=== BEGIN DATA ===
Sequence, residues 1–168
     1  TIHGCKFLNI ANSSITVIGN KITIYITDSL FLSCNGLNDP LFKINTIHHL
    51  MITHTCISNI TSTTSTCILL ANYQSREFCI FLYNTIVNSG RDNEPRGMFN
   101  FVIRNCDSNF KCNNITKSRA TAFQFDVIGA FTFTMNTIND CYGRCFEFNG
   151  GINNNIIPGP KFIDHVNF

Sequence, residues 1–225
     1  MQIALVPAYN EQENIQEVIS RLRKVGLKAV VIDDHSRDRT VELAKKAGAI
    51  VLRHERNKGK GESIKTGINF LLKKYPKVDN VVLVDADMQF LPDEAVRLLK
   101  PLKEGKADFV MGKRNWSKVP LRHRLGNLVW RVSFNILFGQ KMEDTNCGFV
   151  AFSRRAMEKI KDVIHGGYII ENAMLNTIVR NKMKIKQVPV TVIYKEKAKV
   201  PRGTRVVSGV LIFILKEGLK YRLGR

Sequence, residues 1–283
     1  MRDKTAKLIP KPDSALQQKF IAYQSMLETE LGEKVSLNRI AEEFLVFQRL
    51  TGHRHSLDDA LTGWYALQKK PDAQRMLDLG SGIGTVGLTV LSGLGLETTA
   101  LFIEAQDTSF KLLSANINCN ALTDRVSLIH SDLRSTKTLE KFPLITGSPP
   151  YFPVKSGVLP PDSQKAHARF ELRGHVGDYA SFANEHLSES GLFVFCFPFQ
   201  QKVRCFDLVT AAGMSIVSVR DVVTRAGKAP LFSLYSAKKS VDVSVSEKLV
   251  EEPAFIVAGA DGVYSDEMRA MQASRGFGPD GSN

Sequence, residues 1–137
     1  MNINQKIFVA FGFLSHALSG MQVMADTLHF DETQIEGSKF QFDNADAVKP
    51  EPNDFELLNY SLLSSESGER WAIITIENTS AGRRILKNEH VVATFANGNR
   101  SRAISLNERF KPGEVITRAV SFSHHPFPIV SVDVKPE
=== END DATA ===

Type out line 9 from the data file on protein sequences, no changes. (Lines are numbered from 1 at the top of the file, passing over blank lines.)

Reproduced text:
   101  PLKEGKADFV MGKRNWSKVP LRHRLGNLVW RVSFNILFGQ KMEDTNCGFV